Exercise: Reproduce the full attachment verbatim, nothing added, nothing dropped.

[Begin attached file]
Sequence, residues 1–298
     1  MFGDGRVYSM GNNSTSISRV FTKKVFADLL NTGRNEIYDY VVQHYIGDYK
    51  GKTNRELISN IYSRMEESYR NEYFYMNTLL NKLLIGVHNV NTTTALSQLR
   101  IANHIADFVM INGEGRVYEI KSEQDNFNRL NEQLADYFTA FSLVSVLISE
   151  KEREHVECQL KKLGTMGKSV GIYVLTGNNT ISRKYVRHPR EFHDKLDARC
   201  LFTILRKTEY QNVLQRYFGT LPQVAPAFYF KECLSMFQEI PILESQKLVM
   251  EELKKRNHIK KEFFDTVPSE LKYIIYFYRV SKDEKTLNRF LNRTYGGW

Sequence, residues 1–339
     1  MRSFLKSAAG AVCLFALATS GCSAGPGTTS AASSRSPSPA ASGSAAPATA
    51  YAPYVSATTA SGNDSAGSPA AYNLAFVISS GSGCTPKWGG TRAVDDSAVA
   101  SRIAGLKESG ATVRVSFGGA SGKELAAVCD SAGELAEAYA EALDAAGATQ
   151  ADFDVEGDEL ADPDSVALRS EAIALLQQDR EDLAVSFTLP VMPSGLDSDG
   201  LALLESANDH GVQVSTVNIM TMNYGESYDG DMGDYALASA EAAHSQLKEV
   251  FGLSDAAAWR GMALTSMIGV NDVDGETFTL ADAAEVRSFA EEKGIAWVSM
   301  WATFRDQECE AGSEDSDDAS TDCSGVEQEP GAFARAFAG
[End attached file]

Sequence, residues 1–298
     1  MFGDGRVYSM GNNSTSISRV FTKKVFADLL NTGRNEIYDY VVQHYIGDYK
    51  GKTNRELISN IYSRMEESYR NEYFYMNTLL NKLLIGVHNV NTTTALSQLR
   101  IANHIADFVM INGEGRVYEI KSEQDNFNRL NEQLADYFTA FSLVSVLISE
   151  KEREHVECQL KKLGTMGKSV GIYVLTGNNT ISRKYVRHPR EFHDKLDARC
   201  LFTILRKTEY QNVLQRYFGT LPQVAPAFYF KECLSMFQEI PILESQKLVM
   251  EELKKRNHIK KEFFDTVPSE LKYIIYFYRV SKDEKTLNRF LNRTYGGW

Sequence, residues 1–339
     1  MRSFLKSAAG AVCLFALATS GCSAGPGTTS AASSRSPSPA ASGSAAPATA
    51  YAPYVSATTA SGNDSAGSPA AYNLAFVISS GSGCTPKWGG TRAVDDSAVA
   101  SRIAGLKESG ATVRVSFGGA SGKELAAVCD SAGELAEAYA EALDAAGATQ
   151  ADFDVEGDEL ADPDSVALRS EAIALLQQDR EDLAVSFTLP VMPSGLDSDG
   201  LALLESANDH GVQVSTVNIM TMNYGESYDG DMGDYALASA EAAHSQLKEV
   251  FGLSDAAAWR GMALTSMIGV NDVDGETFTL ADAAEVRSFA EEKGIAWVSM
   301  WATFRDQECE AGSEDSDDAS TDCSGVEQEP GAFARAFAG